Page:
A Final Brief on Campaign Funding 2018
With the exception of a future article reporting third party PAC contributions, this will be the final BocaWatch campaign finance report for the recent 2018 City Council election. This report captures all contributions received by the March 8 contribution deadline. Candidates still have a final report due which will include final expenses incurred. We will monitor these reports for any items of significance.
Congratulations of a Different Sort
Four of the five candidates for City Council took money out of their own pockets in order to run for City Council. Generally speaking, this out-of-pocket expense will only increase for each candidate with the final filing. Only one candidate raised more money than expenses. The net out-of-pocket expense for each of those candidates as of March 8 is as follows:
Notably, Deputy Mayor Jeremy Rodgers began his campaign three months earlier than any other candidate. Similar to his running mate, Armand Grossman, he sought big money donors in the development community. Both Rodgers and Grossman received only 20% of their funding from individuals.
So, our first round of congratulations goes to those candidates that were willing to fight for a seat on City Council and assume personal financial risk and ultimately absorb a financial loss. Congratulations to each for taking on that risk!
Our second round of congratulations goes to Deputy Mayor Rodgers for running a campaign at others expense. All candidates desire that outcome.
So Where Did the Funding Come From?
When you consider that candidate Grossman had slightly less than two months to fundraise for his campaign, it is striking that he accumulated almost as much money as the fundraising leader Jeremy Rodgers. Mr. Rodgers began his fundraising efforts more than five months prior to Grossman. Developer related contributions poured into the Grossman campaign in an effort to ‘buy’ a YES vote in their favor on City Council. As reported in prior BocaWatch articles the funds raised in City filed reports do not include the so-called “Dark Money” from third party PACs that funded the untruthful, negative mailers against Grossman’s main opponent.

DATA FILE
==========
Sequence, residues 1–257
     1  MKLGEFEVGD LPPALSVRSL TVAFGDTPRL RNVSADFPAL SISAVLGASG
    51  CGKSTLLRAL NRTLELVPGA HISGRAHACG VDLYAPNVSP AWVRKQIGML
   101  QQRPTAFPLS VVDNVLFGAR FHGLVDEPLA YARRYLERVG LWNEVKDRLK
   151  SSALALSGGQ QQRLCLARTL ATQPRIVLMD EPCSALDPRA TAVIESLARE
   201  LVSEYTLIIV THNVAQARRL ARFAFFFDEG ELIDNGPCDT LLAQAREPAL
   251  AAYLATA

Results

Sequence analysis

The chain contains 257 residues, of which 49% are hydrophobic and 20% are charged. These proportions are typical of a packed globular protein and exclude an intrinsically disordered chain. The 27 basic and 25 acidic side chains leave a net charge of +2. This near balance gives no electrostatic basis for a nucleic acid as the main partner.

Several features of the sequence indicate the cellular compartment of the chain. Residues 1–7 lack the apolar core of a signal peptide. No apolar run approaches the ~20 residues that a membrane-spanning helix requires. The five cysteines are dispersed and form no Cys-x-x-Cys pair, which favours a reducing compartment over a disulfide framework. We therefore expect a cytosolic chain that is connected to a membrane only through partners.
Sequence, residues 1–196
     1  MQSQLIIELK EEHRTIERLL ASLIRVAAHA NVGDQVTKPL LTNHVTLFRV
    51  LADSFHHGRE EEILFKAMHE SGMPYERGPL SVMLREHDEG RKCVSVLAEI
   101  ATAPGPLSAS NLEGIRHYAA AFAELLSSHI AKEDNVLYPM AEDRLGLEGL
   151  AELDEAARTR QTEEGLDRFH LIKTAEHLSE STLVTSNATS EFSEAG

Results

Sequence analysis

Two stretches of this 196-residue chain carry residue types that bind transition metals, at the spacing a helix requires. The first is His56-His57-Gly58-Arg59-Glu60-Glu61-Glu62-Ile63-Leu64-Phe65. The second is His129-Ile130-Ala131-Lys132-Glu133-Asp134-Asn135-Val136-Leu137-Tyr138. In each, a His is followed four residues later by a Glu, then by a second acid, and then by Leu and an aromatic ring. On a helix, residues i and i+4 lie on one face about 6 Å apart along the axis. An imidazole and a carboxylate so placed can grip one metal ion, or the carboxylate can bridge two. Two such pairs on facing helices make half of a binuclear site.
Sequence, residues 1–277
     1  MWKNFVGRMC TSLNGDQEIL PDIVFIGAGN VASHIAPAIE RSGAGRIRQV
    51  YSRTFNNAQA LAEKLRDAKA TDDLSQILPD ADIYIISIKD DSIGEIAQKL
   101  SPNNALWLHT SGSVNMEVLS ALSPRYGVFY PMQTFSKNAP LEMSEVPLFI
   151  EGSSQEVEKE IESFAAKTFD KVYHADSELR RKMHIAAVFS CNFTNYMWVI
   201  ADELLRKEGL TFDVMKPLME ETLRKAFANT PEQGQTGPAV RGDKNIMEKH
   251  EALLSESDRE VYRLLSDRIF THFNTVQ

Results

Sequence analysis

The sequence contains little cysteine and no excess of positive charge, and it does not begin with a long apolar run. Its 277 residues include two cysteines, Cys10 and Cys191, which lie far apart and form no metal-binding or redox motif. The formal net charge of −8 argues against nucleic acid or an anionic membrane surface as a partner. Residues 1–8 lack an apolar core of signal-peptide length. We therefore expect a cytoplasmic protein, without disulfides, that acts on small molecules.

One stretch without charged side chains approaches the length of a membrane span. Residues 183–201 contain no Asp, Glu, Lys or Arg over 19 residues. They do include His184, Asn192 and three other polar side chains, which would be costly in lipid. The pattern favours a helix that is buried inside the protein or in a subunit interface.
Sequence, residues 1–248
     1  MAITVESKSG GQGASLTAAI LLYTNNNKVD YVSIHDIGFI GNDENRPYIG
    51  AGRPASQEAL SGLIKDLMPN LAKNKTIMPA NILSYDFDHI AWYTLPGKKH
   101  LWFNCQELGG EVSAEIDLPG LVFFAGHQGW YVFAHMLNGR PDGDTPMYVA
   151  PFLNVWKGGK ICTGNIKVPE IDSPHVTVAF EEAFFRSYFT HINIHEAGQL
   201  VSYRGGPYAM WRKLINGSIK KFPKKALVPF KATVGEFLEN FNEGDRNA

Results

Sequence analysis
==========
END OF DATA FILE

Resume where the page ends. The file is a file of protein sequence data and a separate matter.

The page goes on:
When you consider the addition of ‘in-kind’ contributions to cash contributions the numbers increase slightly for three candidates but increase significantly for Mr. Grossman. The following gives a more complete picture:
Who Got The Bigger Bang For Their Buck?
When these numbers are boiled down to a cost-per-vote, it is clear that the resident friendly candidates scored well.
A Closer Look at Bundled Money
The legal limitation for an individual or entity to contribute to a candidate is $1,000. This election was rife with ‘bundled’ contributions from related entities or family members to overcome this limitation. BocaWatch has identified numerous bundled contributions to campaigns of Rodgers and Grossman. This does not exist in other candidate’s campaigns. Here are some examples:
Can I Get a Refund Please?
If anyone deserves a refund, it’s Mr. Grossman. His last two filings reveal that he paid FNB Media two separate payments of $15,000 each totaling $30,000 for PR and marketing for his campaign. FNB Media is owned by Peter Gary who publishes the website The Boca Voice. Mr. Gary unabashedly endorsed Mr. Grossman after receiving the first installment. Mr. Grossman went on to capture a meager 29% of the votes. With a performance like that, future candidates may want to look elsewhere for their campaign marketing and public relations needs.
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